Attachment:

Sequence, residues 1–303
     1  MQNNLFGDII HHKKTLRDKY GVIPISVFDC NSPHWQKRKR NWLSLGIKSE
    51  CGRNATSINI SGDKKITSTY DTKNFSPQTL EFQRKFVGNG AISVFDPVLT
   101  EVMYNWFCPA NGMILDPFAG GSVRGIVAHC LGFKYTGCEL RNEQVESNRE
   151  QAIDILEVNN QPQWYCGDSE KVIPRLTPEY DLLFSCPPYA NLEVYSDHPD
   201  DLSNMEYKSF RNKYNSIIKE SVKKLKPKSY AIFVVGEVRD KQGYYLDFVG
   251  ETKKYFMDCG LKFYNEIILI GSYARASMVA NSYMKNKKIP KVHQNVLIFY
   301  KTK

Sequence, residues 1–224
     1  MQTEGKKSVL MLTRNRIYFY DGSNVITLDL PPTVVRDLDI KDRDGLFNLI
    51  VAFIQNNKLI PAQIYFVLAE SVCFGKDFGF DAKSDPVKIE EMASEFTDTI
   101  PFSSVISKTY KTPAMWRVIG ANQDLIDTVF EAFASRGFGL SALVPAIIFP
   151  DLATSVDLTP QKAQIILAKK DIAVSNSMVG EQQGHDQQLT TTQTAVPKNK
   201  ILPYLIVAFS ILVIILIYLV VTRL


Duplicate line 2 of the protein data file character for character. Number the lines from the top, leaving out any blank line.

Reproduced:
     1  MQNNLFGDII HHKKTLRDKY GVIPISVFDC NSPHWQKRKR NWLSLGIKSE